“The most difficult aspect of Bitcoin to grasp is that it’s completely unique — nothing like it has ever existed,” said Mow, adding: “There’s nothing for the media to compare it to, and they’re unable to fully understand the magnitude of the coming paradigm shift that Bitcoin will bring.” McKenna added that it is “is the virtual nature of it all” that poses challenges:
“So much of it is in an inscrutable technology space that most liberal arts major journalists will never understand. I mean they can not understand concepts like goodwill and impairment with regard to traditional accounting. I hear it all the time, ‘Too technical.’ Can you really expect them to conceptualize forks and staking if they can not understand restatements?”
Until recently, the people who were very knowledgeable about cryptocurrencies and blockchain technology confined their public remarks to focused, niche-type publications, continued McKenna. “Mainstream media didn’t even know who they were.” One consequence is an education deficit with regard to crypto among MSM and regulators. “I still don’t think the SEC or any mainstream media know what an airdrop, a fork, staking or even the mechanics of the issues with the Lend product really are. But they have to try.”
Related: DeFi literacy: Universities embrace decentralized finance education
Would more education help? “More education is always better than less,” answered Smith, going on to add: “People are busy, they have preconceived notions of what crypto is, no matter their age, and we have to meet them where they are. I’ve rarely had a conversation with someone in the mainstream media where the reporter or editor has emerged more critical of crypto after we’ve talked.”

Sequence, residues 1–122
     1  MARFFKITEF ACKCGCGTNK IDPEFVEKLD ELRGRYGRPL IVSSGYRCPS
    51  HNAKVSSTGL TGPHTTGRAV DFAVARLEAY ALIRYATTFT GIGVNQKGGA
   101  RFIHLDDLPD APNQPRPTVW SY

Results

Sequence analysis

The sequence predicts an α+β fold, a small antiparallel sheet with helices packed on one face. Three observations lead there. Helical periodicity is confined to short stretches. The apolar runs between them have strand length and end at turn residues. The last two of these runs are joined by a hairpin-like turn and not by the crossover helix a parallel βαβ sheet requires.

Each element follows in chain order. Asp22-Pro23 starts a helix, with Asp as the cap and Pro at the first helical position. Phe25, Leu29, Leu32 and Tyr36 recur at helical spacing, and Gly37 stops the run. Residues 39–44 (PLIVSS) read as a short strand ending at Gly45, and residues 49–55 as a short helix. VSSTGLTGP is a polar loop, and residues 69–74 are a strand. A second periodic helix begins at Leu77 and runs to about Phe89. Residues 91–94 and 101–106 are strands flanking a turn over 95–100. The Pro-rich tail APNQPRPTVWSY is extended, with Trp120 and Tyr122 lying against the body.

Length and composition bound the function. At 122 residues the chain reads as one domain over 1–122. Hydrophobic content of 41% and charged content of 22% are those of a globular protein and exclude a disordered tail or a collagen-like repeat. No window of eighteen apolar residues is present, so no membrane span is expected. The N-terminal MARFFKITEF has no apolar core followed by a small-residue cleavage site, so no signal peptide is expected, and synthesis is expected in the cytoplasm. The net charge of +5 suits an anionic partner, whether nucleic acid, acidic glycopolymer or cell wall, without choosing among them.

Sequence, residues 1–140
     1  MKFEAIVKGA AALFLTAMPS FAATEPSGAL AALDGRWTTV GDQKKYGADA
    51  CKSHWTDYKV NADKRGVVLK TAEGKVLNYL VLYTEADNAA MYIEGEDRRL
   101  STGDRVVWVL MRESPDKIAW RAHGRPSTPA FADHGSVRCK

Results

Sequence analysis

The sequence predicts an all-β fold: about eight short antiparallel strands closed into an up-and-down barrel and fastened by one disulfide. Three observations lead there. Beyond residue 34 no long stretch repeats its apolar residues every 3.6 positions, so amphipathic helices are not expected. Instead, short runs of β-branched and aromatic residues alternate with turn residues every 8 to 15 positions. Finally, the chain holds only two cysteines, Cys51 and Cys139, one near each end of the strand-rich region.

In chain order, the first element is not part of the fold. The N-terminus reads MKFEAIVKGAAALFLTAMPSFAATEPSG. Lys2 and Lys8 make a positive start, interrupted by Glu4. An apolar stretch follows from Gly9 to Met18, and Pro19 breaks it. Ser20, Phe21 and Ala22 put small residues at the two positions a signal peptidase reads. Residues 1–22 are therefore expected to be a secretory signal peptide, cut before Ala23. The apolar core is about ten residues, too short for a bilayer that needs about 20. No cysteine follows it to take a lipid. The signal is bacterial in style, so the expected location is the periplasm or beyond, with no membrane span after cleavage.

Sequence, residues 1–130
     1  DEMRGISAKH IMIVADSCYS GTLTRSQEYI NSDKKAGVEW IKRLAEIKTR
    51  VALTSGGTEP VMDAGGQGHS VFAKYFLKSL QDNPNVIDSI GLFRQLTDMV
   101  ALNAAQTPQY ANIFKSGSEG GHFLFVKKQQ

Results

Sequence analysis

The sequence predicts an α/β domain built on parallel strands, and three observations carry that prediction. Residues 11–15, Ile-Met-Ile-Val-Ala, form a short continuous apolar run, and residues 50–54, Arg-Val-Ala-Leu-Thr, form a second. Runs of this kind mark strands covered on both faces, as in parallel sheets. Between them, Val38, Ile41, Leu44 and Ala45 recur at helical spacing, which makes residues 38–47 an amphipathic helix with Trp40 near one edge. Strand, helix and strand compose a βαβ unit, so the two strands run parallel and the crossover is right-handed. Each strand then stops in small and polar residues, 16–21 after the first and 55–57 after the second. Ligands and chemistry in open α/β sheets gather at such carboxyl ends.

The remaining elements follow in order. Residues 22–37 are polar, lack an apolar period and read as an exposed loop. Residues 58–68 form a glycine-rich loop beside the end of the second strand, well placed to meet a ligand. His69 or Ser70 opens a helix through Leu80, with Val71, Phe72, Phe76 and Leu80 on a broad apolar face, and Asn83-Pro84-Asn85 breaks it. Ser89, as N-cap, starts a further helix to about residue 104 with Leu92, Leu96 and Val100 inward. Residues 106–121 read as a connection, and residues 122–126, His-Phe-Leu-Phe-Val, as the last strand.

Mow, for his part, is skeptical. “More education won’t likely be helpful. The root problem is Western media is financially privileged and looks at the world from that privileged lens.” According to him, rather than dismiss Bitcoin as a Ponzi scheme, they would do better to visit places like Ethiopia where nascent entrepreneurs pay their workers in Bitcoin because those funds can’t be debased or confiscated. “They [MSM] cannot see why Bitcoin is needed because they cannot see the problems in the world.”
“Coexist and move forward”
So, should the crypto community continue to voice their frustration each time a lukewarm article on Bitcoin or DeFi surfaces on one of the extremely popular mainstream publications? Will going off on a rant on Twitter even have the desired impact of remedying the situation?
On the whole, most probably agree with Schär that the increased MSM scrutiny is positive — another sign that cryptocurrencies and blockchain technology are here to stay. “Now it is our job, as a community, to provide the resources and create an open and welcoming environment that allows MSM journalists and people who are interested in the technology to understand what is going on,” Schär told Cointelegraph.
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“We cannot discount the power of the mainstream media to shape public opinion, or the opinions of regulators and lawmakers, for that matter,” added the Blockchain Association’s Smith. “We have no choice but to try to coexist and move forward, both in our work evangelizing through the media and our work with lawmakers and regulators.”